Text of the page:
Keir Starmer defends giving advice to now-banned group Hizb ut-Tahrir

Labour leader advised the group before entering politics while he was still a lawyer

Labour leader Keir Starmer speaks during the weekly session of Prime Minister's Questions. AFP
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Labour Party leader Keir Starmer has defended previously giving legal advice to the now banned international fundamentalist group Hizb ut-Tahrir, likening it to the relationship between a doctor and a patient.

Mr Starmer, a former lawyer, advised the group before entering politics, assisting it in a dispute with the German government.

He defended his record in an interview with The Sun by saying: “Lawyer gives legal advice, doctor treats patient.”

“Taking cases within your field of specialism, whether you agree with the client or not, of course I don’t agree with these people, but that doesn’t adjust the principle within our legal system that we have representation of both sides,” he said.

“Lawyers represent clients, doctors treat patients, but the fact a doctor treats a patient doesn’t mean the doctor agrees with what the patient’s beliefs are.”

Hizb ut-Tahrir, a Lebanon-based political organisation, was proscribed by the government this year, making support for it a criminal offence.

It operates in 32 countries including the UK, the US, Canada and Australia, and has the long-term goal of establishing an Islamic caliphate.

Britain’s Home Office said Hizb ut-Tahrir’s praise for the attacks in Israel on October 7 by Hamas, whose fighters the group's website describes as “heroes”, constitutes promoting and encouraging terrorism.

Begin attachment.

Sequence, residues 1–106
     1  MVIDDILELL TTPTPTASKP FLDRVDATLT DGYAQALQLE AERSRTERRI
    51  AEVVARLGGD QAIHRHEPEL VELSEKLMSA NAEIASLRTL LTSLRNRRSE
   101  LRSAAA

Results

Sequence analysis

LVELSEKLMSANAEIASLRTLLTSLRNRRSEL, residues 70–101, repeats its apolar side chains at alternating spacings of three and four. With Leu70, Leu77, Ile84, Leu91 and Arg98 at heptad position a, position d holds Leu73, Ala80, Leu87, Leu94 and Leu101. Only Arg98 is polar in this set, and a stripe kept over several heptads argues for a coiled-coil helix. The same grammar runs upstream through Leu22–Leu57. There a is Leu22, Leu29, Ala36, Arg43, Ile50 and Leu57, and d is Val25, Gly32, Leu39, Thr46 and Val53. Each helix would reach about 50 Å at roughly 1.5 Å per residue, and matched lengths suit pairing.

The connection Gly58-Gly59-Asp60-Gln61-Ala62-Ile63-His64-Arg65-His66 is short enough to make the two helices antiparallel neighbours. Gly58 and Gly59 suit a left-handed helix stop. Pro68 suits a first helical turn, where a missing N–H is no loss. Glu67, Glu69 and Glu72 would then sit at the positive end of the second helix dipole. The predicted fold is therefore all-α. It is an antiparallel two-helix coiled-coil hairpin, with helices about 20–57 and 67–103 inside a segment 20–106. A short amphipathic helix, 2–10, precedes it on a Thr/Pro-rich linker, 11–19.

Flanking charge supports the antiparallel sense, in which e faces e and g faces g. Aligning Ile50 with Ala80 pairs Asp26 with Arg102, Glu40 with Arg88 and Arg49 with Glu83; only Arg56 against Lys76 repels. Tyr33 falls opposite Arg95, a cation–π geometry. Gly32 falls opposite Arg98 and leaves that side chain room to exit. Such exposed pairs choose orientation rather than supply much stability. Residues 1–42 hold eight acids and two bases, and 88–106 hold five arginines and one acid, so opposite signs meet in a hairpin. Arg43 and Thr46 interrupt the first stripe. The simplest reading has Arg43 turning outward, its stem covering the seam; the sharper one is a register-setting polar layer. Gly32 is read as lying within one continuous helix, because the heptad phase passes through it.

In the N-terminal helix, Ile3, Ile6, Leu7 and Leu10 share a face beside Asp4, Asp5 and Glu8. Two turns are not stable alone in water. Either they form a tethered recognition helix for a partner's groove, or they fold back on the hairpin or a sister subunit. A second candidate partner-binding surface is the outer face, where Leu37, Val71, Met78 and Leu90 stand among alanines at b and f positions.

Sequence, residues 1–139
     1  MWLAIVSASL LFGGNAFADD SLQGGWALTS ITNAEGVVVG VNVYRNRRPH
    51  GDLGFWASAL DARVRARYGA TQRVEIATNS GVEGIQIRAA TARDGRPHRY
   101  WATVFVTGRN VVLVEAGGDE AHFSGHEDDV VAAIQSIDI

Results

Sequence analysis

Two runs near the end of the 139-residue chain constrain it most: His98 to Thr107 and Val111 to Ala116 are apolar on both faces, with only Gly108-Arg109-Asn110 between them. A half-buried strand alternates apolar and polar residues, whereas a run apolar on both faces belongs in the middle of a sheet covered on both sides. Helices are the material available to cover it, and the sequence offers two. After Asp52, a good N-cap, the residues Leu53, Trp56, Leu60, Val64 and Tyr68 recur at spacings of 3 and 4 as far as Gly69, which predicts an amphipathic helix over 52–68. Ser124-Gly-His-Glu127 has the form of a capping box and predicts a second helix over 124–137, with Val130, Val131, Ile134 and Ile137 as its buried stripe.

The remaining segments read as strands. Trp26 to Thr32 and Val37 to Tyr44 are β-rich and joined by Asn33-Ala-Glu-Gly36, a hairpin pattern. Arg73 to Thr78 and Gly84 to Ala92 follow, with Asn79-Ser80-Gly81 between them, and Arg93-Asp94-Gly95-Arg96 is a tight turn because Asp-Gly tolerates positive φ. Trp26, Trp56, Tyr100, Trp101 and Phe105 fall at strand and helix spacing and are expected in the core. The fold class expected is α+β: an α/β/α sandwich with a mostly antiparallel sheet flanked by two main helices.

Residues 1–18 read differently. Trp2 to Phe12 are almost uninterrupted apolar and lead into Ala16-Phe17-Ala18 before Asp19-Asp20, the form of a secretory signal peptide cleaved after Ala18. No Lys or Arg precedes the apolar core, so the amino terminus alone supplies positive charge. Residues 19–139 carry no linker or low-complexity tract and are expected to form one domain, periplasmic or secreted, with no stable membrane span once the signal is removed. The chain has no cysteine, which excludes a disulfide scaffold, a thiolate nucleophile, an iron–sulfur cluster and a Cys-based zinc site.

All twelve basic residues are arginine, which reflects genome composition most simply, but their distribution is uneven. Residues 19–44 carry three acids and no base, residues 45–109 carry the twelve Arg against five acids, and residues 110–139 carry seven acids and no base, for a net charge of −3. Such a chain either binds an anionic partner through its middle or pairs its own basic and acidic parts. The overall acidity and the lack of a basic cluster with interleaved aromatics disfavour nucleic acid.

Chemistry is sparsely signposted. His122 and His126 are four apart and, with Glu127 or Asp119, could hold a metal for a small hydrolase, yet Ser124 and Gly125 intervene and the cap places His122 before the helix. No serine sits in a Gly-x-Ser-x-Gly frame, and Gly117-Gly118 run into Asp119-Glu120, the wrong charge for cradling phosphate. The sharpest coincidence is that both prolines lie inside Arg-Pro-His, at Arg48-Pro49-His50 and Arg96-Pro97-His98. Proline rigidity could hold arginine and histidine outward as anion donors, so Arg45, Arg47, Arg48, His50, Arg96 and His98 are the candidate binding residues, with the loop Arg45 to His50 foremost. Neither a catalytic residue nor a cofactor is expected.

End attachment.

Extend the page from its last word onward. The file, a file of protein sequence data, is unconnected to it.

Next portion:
It is the latest chapter in criticism of Mr Starmer since the war in Gaza started.

He came under pressure for his stance early in the war after claiming “Israel has the right” to withhold power and water from Palestinian civilians after the October 7 attack.

He also voted against a ceasefire in Parliament, losing many councillors from mainly Muslim communities as a result of his comments.

But his party’s position has shifted over time. Mr Starmer backed a "humanitarian pause" and has since given his support to a sustainable ceasefire.

Last month, Labour put forward an amendment to a parliamentary motion, with the party calling for an “immediate humanitarian ceasefire”. The motion was approved in the Commons.

Mr Starmer's party is widely tipped to win the next election, with the ruling Conservatives trailing Labour by 27 points in the latest YouGov poll.

Both main parties have stepped up commitments on law and order before the general election this year, with senior Tories believing a focus on "bread and butter" Conservative issues will help, as Prime Minister Rishi Sunak seeks to overturn Labour's opinion poll lead.

Labour highlighted policing cuts under the Tories, accusing the ruling party of failing on criminal justice.

Mr Sunak recently dismissed speculation he would no longer be Prime Minister after local elections in May as "Westminster gossip”.

In a recent interview he insisted his plan for the country was working.

Mr Sunak was buoyed by a fall in inflation to 3.4 per cent in February, down from 4 per cent in January, with Chancellor Jeremy Hunt hinting the improved economic picture could result in tax cuts and reductions in interest rates – which could improve voters' finances in the run-up to an election.

"I do believe that at the start of this year we have turned a corner after the shocks of the past few years and we are in a new economic moment and 2024 will prove to be the year that the economy bounces back," he added.

Updated: March 22, 2024, 11:39 AM